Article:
Investigation into the State-of-Practice of Operations Security Management Based on ISO/IEC 27002

Investigation into the State-of-Practice of Operations Security Management Based on ISO/IEC 27002

Winfred Yaokumah (Department of Information Technology, Pentecost University College, Accra, Ghana)
Copyright: © 2016 |Pages: 20
DOI: 10.4018/IJTD.2016010104
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Abstract

This study assessed information security management in organizations through a questionnaire based on the ISO/IEC 27002, with special focus on operations security. A survey with cross-sectional research design was conducted and data collected from 223 participants from 56 organizations. Overall, the level of operations security maturity was 61.2%, which is the maturity Level 3 (well-defined). This level suggested that operations security controls and processes were documented, approved, and implemented organization-wide. Backups and malware protection were the most implemented security controls, while logging, auditing and monitoring were the least implemented controls. Assessment of inter-organizational operations security found significant differences among the organizations. Financial and Health Care Institutions outperform Educational Institutions and Government Public Service. The study provided insight into maturity levels of operations security controls and the results useful for benchmarking inter-organizational performance, competitiveness and improvement in information security.
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Introduction

Operations security is an extremely important aspect of an organization's information security program (Fisher, 2011) and plays a major role at every stage of information processing cycle. It pertains to activities that take place while keeping computer networks, computer systems, applications, and computing environments up and running in a secure and protected manner; ensuring that people, applications, equipment, and the overall environment are properly and adequately secured (Harris, 2013). Operations security is the centre for all other information system security (Henrya, 2011). Therefore, a high level of confidentiality and integrity should prevail throughout the data processing cycle; when data resides on database systems, on network devices, when transmitted across the network, and when it reaches the designated person.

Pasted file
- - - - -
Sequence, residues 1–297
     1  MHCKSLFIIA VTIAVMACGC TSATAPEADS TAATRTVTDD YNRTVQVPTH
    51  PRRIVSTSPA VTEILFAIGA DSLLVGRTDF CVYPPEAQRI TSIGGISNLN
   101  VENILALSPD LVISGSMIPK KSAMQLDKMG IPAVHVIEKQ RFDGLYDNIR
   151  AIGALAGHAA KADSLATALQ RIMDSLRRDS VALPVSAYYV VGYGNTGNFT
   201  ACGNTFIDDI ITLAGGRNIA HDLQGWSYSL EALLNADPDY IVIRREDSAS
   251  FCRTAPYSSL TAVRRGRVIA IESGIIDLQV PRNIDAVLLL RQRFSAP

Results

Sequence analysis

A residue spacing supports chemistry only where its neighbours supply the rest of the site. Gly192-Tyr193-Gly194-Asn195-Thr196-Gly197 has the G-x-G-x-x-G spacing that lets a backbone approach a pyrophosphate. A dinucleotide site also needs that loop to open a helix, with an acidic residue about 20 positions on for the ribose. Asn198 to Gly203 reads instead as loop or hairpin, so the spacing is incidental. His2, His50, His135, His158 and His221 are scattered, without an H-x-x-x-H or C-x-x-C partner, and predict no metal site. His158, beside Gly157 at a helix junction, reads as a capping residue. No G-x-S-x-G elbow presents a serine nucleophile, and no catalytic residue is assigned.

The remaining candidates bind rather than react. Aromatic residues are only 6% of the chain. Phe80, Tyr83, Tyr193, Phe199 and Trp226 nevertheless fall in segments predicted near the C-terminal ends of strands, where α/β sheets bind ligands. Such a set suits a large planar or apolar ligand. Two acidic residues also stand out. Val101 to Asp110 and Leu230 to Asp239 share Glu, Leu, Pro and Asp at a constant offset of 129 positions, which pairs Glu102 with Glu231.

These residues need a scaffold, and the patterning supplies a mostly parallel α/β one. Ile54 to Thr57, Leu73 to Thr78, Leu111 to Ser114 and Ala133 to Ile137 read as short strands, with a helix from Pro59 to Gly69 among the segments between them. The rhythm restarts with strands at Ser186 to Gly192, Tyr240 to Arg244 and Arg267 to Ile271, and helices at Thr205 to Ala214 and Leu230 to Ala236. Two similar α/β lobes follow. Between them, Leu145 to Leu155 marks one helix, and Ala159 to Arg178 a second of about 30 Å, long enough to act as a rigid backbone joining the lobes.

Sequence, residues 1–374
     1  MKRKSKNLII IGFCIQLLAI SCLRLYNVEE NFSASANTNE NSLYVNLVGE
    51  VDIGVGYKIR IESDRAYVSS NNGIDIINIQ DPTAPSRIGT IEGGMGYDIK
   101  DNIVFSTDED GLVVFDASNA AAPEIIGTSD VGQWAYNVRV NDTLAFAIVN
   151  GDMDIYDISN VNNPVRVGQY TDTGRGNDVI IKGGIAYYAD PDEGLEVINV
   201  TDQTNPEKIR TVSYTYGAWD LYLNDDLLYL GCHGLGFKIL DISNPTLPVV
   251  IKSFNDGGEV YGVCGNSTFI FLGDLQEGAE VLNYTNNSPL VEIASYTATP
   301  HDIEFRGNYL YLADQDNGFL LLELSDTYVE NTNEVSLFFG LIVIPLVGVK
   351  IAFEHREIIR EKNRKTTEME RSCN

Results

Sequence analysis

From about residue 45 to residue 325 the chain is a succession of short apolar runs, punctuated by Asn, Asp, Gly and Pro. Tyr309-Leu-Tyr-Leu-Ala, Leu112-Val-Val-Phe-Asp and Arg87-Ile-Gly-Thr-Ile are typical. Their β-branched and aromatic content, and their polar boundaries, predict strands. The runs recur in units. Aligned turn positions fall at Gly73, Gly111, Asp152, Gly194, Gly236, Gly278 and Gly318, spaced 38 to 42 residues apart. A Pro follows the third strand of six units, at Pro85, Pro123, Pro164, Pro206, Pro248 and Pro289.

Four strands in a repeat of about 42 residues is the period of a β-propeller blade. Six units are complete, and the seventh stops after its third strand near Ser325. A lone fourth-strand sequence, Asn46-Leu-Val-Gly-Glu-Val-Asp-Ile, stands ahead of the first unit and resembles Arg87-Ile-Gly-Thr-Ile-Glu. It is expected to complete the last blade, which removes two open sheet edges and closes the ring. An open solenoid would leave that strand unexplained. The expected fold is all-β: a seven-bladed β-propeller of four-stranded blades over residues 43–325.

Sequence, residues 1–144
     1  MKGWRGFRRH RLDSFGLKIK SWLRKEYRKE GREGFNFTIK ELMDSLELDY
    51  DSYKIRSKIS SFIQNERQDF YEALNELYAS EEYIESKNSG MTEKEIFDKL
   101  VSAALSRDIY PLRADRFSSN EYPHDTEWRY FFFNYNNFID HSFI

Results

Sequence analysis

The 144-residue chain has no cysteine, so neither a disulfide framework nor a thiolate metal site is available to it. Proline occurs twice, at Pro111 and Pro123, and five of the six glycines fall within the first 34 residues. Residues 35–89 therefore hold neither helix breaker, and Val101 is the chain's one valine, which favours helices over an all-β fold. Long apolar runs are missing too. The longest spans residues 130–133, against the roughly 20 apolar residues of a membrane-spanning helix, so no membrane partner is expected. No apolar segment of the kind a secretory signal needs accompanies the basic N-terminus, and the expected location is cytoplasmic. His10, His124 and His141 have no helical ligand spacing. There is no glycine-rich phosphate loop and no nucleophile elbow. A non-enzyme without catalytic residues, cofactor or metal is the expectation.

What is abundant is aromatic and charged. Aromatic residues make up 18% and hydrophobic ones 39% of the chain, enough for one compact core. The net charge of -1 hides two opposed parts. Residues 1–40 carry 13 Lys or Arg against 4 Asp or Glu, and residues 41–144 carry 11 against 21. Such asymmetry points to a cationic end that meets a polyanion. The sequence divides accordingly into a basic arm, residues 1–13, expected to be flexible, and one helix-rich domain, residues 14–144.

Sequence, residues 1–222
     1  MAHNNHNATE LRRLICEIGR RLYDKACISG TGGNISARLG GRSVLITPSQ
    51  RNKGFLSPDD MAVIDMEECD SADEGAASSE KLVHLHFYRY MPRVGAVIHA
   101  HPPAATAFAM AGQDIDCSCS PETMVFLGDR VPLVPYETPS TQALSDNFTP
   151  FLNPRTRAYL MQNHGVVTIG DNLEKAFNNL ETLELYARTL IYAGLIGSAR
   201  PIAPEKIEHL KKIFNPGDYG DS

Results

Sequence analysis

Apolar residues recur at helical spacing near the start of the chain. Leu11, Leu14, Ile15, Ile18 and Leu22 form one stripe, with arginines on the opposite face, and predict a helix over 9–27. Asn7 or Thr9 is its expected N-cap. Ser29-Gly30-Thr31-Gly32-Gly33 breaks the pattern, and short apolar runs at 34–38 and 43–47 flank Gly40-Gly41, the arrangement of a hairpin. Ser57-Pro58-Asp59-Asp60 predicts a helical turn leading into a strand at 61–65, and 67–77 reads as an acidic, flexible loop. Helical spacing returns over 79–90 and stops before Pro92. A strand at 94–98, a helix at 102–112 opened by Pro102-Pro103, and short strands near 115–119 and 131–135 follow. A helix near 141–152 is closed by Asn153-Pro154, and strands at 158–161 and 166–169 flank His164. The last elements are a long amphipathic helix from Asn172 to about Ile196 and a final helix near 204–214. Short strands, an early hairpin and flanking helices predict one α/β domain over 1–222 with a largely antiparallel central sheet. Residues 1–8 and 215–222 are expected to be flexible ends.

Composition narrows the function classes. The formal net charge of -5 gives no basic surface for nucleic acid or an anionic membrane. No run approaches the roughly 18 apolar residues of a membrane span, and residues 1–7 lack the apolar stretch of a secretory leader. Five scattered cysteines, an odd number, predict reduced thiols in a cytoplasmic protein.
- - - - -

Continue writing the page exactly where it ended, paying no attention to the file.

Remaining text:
Organizations, irrespective of type and size, public or private, commercial or non-profit, collect, process, store and transmit information electronically. These activities are carried out through information systems, specifically computer hardware systems, software applications, processes and procedures, communication networks, and people. Information traversing information systems is subject to deliberate and accidental threats since information systems have inherent vulnerabilities (ISO/IEC 27002:2013, 2013). Thus, there is the need for organizations to perform day-to-day operational security activities to keep information systems safe.

Accordingly, organizations are making efforts to protect critical and sensitive data at every state of information (storage, processing, and transmission). The computer crime and security survey conducted by Computer Security Institute (2011) found that 64% of the organizations’ information security program has improved owing to regulatory compliance efforts. Compliance with legal requirements, such as Sarbanes-Oxley (SOX) for financial reporting and governance has impacted IT (information technology) security systems, practices and internal controls (Brown & Nasuti, 2005). The Health Insurance Portability and Accountability Act (HIPPA) also required healthcare organizations to “safeguard the confidentiality, integrity, and availability of electronic protected health information” (Hoffman & Podgurski, 2007, p. 7). Another regulation that influenced information security programs was the Federal Information Security Management Act (FISMA), which required all U.S. federal agencies and international banking industry to develop, document, and implement a program that provides information security for the systems that support its operations and assets (Pabrai, 2006).

Developing countries are not left out in enacted laws and regulations to protect information resources. A recent Data Protection Act 843 of Ghana aims at protecting the privacy of the individual and personal data by regulating the processing of personal information, and the process of obtaining, holding, using or disclosing personal information (Data Protection Act, 2012). The Act ensures protection of the privacy of the individual and personal data. Moreover, the Electronic Transaction Act 772 of Ghana (Electronic Transactions Act 772, 2008) focuses on developing “a safe, secure and effective environment for the consumer, business and the government to conduct and use electronic transactions” (p. 6). Despite these regulatory compliance efforts, a recent survey rather finds decline in fundamental security practices (PWC, 2015). The sub Saharan Africa is increasing becoming notable for cyber fraud. A recent report ranks Ghana second in Africa (after Nigeria) and seventh in the world with respect to internet related crimes (Joy Online, 2013). A similar report also indicates that about 82 cyber crimes occur in Ghana every month; that is on average about 1000 crimes a year (Joy Online, 2013).

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